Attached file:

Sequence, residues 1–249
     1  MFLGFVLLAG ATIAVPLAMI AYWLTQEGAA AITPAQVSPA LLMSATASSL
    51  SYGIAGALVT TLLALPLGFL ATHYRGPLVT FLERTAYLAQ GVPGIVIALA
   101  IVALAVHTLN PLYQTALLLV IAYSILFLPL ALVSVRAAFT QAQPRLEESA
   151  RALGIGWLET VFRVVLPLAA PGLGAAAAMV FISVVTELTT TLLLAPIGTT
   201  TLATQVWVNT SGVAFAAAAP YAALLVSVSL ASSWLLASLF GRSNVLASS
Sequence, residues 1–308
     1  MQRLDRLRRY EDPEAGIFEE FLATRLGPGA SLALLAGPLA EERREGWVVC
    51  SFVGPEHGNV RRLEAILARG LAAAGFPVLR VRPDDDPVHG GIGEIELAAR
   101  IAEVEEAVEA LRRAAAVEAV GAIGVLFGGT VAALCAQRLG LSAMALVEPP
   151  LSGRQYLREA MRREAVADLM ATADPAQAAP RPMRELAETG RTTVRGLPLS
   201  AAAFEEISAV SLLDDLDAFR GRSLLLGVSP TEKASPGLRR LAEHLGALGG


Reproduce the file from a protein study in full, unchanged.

Sequence, residues 1–249
     1  MFLGFVLLAG ATIAVPLAMI AYWLTQEGAA AITPAQVSPA LLMSATASSL
    51  SYGIAGALVT TLLALPLGFL ATHYRGPLVT FLERTAYLAQ GVPGIVIALA
   101  IVALAVHTLN PLYQTALLLV IAYSILFLPL ALVSVRAAFT QAQPRLEESA
   151  RALGIGWLET VFRVVLPLAA PGLGAAAAMV FISVVTELTT TLLLAPIGTT
   201  TLATQVWVNT SGVAFAAAAP YAALLVSVSL ASSWLLASLF GRSNVLASS
Sequence, residues 1–308
     1  MQRLDRLRRY EDPEAGIFEE FLATRLGPGA SLALLAGPLA EERREGWVVC
    51  SFVGPEHGNV RRLEAILARG LAAAGFPVLR VRPDDDPVHG GIGEIELAAR
   101  IAEVEEAVEA LRRAAAVEAV GAIGVLFGGT VAALCAQRLG LSAMALVEPP
   151  LSGRQYLREA MRREAVADLM ATADPAQAAP RPMRELAETG RTTVRGLPLS
   201  AAAFEEISAV SLLDDLDAFR GRSLLLGVSP TEKASPGLRR LAEHLGALGG